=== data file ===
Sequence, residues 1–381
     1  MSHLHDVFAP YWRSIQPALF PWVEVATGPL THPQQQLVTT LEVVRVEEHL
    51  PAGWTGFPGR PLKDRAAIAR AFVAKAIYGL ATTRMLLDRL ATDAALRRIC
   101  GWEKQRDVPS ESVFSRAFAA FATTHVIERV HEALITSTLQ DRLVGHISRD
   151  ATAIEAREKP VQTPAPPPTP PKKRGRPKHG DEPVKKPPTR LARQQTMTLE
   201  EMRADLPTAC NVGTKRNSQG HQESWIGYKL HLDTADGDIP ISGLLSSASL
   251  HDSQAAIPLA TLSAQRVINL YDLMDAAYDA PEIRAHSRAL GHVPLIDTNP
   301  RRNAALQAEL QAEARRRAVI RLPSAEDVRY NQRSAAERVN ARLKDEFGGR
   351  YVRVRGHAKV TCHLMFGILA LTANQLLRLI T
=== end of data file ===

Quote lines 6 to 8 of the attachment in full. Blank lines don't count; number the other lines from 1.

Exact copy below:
   201  EMRADLPTAC NVGTKRNSQG HQESWIGYKL HLDTADGDIP ISGLLSSASL
   251  HDSQAAIPLA TLSAQRVINL YDLMDAAYDA PEIRAHSRAL GHVPLIDTNP
   301  RRNAALQAEL QAEARRRAVI RLPSAEDVRY NQRSAAERVN ARLKDEFGGR